Building Trusses in a Market which is Unfamiliar With Them
Back in December I wrote an article about overcoming devastation and how one company and one organization partnered up to accomplish this amazing feat. One Mission Society is making a difference after Mother Nature strikes. You can view the previous article here.
Today I wanted to bring to your attention just how this effort is going is coming along. You see, in Haiti, most of the buildings are made with a concrete roof, stick framing, or steel. Many of the folks in Haiti have never even heard of trusses. This in itself is a challenge to a company looking to provide them!
There is one company working diligently to change that fact. That company is a Maxima S.A. and they have been doing business In Haiti since 1983. This innovative woodworking company has decided to take the market by storm (no pun intended). Beginning with the Bon Repos project, the Haitian market has now been introduced to trusses.
Just like any new product in a market, education is required to the value and successful use of this product. It has been a privilege and an honor to help in this endeavor with Maxima in educating its market. I would like to share with you today the progress of this Bon Repos church project as it is being erected from ground up.
Erecting a project in Haiti is not that much different when it comes to the concrete as we can see here.
As the essential facility in this community, the Bon Repos church will be the safe haven in case Mother Nature strikes again. This building is designed for 170 mile per hour winds, which are quite a substantial load. This requires concrete gable ends to sustain such a force.
In order to form the rake wall to the plane of the roof, the truss designer provided a truss up against the rake wall.
Here we can see from the other end if we look closely the first truss behind the wall to allow this profile for the rake wall to match.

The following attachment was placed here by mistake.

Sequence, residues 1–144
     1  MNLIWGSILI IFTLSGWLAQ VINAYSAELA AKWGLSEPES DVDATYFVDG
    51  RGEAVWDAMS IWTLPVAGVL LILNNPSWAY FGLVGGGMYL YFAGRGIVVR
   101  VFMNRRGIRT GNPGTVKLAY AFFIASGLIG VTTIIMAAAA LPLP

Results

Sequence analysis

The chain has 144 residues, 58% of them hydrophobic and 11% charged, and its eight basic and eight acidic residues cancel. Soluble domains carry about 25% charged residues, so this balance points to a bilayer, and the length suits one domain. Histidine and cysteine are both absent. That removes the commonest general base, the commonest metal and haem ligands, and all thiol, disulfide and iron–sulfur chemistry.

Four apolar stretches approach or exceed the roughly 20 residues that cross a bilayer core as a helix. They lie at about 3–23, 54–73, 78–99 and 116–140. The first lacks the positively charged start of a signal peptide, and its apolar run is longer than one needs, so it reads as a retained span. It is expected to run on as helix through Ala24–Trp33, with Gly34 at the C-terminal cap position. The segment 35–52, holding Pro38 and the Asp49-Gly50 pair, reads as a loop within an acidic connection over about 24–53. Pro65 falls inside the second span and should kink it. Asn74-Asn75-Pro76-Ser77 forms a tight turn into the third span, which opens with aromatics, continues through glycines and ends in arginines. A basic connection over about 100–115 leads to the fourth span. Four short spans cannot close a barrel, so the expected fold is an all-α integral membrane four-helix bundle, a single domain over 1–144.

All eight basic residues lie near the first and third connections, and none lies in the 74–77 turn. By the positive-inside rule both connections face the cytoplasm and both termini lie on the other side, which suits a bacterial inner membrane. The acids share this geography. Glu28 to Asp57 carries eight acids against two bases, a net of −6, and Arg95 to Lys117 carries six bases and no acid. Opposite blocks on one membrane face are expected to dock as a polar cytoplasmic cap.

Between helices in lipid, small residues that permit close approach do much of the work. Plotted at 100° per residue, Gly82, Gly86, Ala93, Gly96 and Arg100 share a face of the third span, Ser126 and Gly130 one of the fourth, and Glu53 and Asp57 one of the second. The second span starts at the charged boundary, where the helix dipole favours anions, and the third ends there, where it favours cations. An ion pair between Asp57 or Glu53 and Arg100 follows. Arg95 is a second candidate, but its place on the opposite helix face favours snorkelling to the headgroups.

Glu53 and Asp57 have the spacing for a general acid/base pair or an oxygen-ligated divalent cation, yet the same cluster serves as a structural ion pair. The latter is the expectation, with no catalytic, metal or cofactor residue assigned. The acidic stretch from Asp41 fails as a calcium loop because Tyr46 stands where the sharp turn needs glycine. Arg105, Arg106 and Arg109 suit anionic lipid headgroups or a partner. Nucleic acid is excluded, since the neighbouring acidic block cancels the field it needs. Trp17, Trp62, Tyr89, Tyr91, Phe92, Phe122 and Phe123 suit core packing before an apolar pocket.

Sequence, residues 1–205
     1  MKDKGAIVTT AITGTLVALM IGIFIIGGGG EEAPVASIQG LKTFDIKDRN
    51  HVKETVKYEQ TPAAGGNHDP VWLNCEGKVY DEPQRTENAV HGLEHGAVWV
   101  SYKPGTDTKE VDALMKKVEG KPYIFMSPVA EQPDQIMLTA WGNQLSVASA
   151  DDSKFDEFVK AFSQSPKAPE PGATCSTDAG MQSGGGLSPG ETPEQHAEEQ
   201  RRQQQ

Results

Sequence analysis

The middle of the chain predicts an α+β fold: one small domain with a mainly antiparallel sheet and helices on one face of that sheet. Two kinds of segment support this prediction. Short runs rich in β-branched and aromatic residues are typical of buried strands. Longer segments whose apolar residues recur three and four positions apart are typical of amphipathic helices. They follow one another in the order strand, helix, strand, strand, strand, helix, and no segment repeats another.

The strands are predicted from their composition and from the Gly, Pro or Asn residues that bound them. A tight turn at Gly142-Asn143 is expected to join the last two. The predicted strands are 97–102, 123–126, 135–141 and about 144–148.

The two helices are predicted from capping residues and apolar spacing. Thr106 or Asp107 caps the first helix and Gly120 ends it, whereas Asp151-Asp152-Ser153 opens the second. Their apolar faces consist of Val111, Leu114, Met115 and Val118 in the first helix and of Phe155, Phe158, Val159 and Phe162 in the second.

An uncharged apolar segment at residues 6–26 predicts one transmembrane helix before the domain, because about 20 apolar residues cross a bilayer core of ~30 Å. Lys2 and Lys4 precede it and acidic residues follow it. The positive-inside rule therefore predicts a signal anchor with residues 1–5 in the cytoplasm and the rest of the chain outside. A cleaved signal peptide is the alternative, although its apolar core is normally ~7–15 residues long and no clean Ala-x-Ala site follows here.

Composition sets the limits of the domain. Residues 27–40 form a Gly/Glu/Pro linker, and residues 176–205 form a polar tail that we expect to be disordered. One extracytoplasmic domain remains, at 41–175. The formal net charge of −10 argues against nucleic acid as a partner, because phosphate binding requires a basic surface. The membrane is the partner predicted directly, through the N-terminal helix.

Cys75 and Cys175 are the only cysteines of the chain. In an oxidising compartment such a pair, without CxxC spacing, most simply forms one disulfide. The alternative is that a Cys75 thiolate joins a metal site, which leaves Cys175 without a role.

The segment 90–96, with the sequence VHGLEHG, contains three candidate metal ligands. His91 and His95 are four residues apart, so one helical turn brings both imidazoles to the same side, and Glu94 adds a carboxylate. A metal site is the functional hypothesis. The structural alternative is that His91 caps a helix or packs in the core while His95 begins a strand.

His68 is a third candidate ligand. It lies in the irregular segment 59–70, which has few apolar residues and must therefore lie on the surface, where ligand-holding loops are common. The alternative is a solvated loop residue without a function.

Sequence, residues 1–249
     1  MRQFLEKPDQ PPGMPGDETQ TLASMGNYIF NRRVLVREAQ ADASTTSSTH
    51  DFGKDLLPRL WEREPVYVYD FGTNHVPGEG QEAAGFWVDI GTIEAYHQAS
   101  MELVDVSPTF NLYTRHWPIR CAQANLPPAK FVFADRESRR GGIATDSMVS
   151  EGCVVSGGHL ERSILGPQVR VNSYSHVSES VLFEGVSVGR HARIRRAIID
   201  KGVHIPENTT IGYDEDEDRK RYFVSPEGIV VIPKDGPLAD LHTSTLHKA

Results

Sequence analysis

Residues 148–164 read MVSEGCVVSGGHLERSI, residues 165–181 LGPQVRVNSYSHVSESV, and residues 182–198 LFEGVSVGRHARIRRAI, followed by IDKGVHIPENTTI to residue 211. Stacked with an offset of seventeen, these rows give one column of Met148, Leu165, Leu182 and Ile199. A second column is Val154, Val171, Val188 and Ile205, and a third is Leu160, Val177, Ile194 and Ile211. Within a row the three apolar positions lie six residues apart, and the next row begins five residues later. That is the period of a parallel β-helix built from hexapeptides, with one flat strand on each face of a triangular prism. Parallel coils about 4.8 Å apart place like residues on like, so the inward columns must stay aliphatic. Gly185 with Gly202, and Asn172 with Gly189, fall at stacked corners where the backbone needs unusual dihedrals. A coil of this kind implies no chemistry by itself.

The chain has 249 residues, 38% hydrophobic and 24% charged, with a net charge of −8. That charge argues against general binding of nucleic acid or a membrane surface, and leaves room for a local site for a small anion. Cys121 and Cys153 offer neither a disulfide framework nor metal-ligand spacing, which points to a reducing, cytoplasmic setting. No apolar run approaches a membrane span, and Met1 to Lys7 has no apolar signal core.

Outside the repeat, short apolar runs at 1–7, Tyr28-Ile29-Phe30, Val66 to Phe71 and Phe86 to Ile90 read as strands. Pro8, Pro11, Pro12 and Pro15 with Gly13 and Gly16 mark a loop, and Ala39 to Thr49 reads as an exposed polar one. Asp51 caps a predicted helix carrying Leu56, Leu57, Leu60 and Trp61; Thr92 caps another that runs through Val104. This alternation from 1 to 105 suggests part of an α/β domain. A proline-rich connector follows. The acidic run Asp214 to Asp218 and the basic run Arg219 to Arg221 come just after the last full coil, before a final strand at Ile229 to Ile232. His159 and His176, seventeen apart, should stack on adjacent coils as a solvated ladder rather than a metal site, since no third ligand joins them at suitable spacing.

Since trusses were new to this market, GDI strongly suggested that Maxima use an engineer for the bracing of the webs and the chords (both temporary and permanent). For this, BBD Engineering & Design Firm, LLC was engaged and did an outstanding job. Kent Bice was the engineer and was extremely easy to work with.
The uplift connectors were already embedded in the concrete, so setting the trusses to the correct spacing was quite simple. This made the installation phase go smoothly.
By using the bracing layout and plan provided by Mr. Bice, the builders were able to safely install the trusses and apply the adequate restraints. As we all know, trusses only work as a system. The critical part of that system and achieving the rigidity is the bracing.
After all, when you’re standing on trusses in mid-air, with nothing below except a cured slab, it’s better to be safe than sorry. As we can see here, the temporary bracing was installed correctly.
After having properly installed everything on this “run” of trusses according to specifications, we can see that this project is going up nicely. For a market that has never used trusses before, this could have been a challenge, even a catastrophe. Thanks to the proactive nature of Maxima and their communication with the builder this was avoided entirely.
In any endeavor, it’s not easy to start from ground zero. In the construction business it’s even more difficult. Educating a new market with a product they are unfamiliar with could have been cumbersome, even daunting. Thanks to the visionary leadership of Maxima and their efforts to employ experts in their field, Haiti is well on its way towards learning how to use this amazing product.
I look forward to helping assist and future projects and sharing my experience to help those in attaining knowledge. Thank You Maxima and the Haitian market for this opportunity.
Christopher Gould – President
Gould Design, Inc.